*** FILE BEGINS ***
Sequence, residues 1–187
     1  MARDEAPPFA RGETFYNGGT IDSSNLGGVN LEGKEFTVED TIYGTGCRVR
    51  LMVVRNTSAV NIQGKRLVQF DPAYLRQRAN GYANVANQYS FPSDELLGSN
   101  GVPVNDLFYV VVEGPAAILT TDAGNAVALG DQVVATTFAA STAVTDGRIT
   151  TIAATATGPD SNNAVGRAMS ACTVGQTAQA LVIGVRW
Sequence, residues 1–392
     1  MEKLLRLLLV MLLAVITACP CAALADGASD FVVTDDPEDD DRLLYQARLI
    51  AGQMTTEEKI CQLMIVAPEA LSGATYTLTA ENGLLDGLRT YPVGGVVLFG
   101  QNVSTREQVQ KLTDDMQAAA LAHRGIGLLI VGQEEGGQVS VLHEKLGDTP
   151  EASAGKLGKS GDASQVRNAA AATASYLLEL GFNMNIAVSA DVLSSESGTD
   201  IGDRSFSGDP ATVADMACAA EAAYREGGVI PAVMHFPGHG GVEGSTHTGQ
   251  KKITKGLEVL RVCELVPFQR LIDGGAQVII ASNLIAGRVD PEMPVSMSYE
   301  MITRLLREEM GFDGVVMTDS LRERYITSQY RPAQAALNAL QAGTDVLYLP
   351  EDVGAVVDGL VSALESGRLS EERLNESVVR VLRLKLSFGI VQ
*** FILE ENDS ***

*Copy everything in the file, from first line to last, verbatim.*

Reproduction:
Sequence, residues 1–187
     1  MARDEAPPFA RGETFYNGGT IDSSNLGGVN LEGKEFTVED TIYGTGCRVR
    51  LMVVRNTSAV NIQGKRLVQF DPAYLRQRAN GYANVANQYS FPSDELLGSN
   101  GVPVNDLFYV VVEGPAAILT TDAGNAVALG DQVVATTFAA STAVTDGRIT
   151  TIAATATGPD SNNAVGRAMS ACTVGQTAQA LVIGVRW
Sequence, residues 1–392
     1  MEKLLRLLLV MLLAVITACP CAALADGASD FVVTDDPEDD DRLLYQARLI
    51  AGQMTTEEKI CQLMIVAPEA LSGATYTLTA ENGLLDGLRT YPVGGVVLFG
   101  QNVSTREQVQ KLTDDMQAAA LAHRGIGLLI VGQEEGGQVS VLHEKLGDTP
   151  EASAGKLGKS GDASQVRNAA AATASYLLEL GFNMNIAVSA DVLSSESGTD
   201  IGDRSFSGDP ATVADMACAA EAAYREGGVI PAVMHFPGHG GVEGSTHTGQ
   251  KKITKGLEVL RVCELVPFQR LIDGGAQVII ASNLIAGRVD PEMPVSMSYE
   301  MITRLLREEM GFDGVVMTDS LRERYITSQY RPAQAALNAL QAGTDVLYLP
   351  EDVGAVVDGL VSALESGRLS EERLNESVVR VLRLKLSFGI VQ